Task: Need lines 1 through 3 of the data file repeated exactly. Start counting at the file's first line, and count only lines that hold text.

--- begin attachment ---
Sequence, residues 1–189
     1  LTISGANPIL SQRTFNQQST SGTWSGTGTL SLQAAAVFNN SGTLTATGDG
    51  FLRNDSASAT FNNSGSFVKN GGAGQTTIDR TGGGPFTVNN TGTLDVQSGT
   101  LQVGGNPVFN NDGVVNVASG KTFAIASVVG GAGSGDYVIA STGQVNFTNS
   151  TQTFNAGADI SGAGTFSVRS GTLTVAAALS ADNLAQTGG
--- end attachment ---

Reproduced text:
Sequence, residues 1–189
     1  LTISGANPIL SQRTFNQQST SGTWSGTGTL SLQAAAVFNN SGTLTATGDG
    51  FLRNDSASAT FNNSGSFVKN GGAGQTTIDR TGGGPFTVNN TGTLDVQSGT